What shapes ethical at work?

Whether a person acts ethically at work is usually not a consequence of any one thing. For example, it’s not just the employee’s ethical tendencies since even ethical employees can have their actions influenced by organizational factors. So, the manager’s first task is to understand what shapes ethical behavior, and then to take concrete steps to ensure that employees make ethical choices. Let’s look first at the factors that shape ethical behavior. Then, in the following section, we turn to the steps the human resources manager can take or encourage ethical behavior.

Individual factors

Because people bring to their jobs their own ideas of what is morally right and wrong, the individual must shoulder much of the credit (or blame) for the ethical choices he or she makes. For example, one survey of CEOs explored their intention to engage (or to not engage) in two questionable business practices soliciting a competitor’s technological secrets and making payments to foreign government officials to secure business. The researchers concluded that personal predispositions more strongly affected decisions than did environmental pressures or organizational characteristics. Employers experience with honesty testing shows that some people are more inclined forward making the wrong ethical choice. How would you rate your own ethics?

Self Deception

Personal tendencies are also important because self deception has a bigger influence in ethical choice than most people realize. For example, corrupt individuals tend not to view themselves as corrupt. They rationalize their unethical acts as being somehow okay. As the president of the Association of Certified Fraud Examiners puts it people who have engaged in corrupt acts excuse their actions to themselves by viewing their crimes as non-criminal justified or part of a situation which they do not control.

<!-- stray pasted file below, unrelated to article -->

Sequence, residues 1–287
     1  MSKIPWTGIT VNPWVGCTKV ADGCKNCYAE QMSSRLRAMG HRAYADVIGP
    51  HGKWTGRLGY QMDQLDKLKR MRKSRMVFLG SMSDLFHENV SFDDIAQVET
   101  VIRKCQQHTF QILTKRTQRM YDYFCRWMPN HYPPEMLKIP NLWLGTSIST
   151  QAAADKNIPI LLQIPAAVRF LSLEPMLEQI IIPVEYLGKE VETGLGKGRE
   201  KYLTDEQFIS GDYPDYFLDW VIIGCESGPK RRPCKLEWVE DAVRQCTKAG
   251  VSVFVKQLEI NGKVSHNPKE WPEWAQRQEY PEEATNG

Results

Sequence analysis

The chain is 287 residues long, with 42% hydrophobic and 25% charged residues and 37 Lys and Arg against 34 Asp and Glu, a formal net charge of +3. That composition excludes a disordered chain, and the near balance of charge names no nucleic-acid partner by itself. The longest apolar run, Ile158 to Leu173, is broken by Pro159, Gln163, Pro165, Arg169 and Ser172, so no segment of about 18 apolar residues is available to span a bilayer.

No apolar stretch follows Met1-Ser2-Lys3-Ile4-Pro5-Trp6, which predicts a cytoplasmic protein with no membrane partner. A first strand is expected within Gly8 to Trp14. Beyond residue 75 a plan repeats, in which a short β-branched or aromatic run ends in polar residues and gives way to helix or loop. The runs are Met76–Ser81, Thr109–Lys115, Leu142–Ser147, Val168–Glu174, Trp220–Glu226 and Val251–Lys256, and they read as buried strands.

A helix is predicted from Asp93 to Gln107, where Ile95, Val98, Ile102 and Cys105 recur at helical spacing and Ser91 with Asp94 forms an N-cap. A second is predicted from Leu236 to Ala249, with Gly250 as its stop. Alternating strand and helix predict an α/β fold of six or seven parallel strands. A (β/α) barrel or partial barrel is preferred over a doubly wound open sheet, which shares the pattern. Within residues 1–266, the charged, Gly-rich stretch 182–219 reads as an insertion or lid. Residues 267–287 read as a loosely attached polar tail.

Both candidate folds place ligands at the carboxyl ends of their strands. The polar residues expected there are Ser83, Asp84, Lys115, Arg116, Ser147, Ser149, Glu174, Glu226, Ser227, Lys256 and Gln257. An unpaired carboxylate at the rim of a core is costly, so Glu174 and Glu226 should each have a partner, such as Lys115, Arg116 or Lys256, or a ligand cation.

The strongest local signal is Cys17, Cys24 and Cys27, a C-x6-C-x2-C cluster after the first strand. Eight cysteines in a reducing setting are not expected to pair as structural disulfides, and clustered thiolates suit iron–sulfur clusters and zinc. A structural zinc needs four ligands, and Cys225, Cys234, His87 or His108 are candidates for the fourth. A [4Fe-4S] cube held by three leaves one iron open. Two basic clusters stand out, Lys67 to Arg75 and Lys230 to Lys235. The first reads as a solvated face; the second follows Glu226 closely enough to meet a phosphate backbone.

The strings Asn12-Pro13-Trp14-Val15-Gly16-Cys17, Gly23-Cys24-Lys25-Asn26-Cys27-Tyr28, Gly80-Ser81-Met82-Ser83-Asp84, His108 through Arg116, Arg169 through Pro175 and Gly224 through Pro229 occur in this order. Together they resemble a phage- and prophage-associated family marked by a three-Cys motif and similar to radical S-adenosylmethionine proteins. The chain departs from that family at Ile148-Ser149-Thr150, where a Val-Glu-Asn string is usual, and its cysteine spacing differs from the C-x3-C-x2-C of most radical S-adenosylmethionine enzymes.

Organizational factors

That happens all the time. Several ago WorldCom’s former chief financial officer (CFO) pleaded guilty to helping the firm’s former chairman mask WorldCom’s deteriorating financial situations. Among other things the government accused the CFO of instructing underlings to fraudulently book accounting entries, and of filing false statements with the SEC. Why should the CFO do such a thing? He took these actions knowing they were wrong, in a misguided attempt to preserve the company to allow it to withstand what he believed were temporary financial difficulties.

As in WorldCom’s case, the scary thing about unethical behavior a work is that it’s usually not driven just by personal interests. Table summarizes the results of one survey of the principal causes of ethical lapses, as reported by six levels of employees and managers, as you can see, being under the gun to meet scheduling pressures was the number one reported factor in causing ethical lapses For most of these employees meeting overly aggressive financial or business objectives and helping the company survive were the tow type other top causes. Advancing my own career or financial interests ranked toward the bottom of the list. Thus (at least in this case) most ethical lapses seemed to yield to such pressures to help their companies. Guarding against such pressures is one way to head off ethical lapses.

Whistleblower policies can help reduce the occurrence of employer unethical behaviors. Whistleblower are individuals frequently employees who use procedural or legal channels to report incidents of unethical behavior to company ethics officers or to legal authorities While many employers fear whistleblowers others encourage them to come forward for instance by instituting ethics hotlines.

The Boss’s influence

The boss often has a determining effect on whether his or her employees do the ethical thing. According to one report, for instance the level of misconduct at work dropped dramatically when employees said their supervisors exhibited ethical behavior, Only 25% of employees who agreed that their supervisors, seta good example of ethical business behavior said they had observed misconduct in the last year compared with 72% of those who did not fee that their supervisors set good ethical examples, a study by the American society of Chartered Life Underwriters found that 56% of all workers felt some pressure to act unethically or illegally.

Here are examples of o supervisors knowingly (or unknowingly) lead subordinates astray:

1) Tell staffers to do whatever is necessary to achieve results
2) Overload top performers to ensure that work gets done.
3) Look the other way when wrong doing occurs.
4) Take credit for others work or shift blame.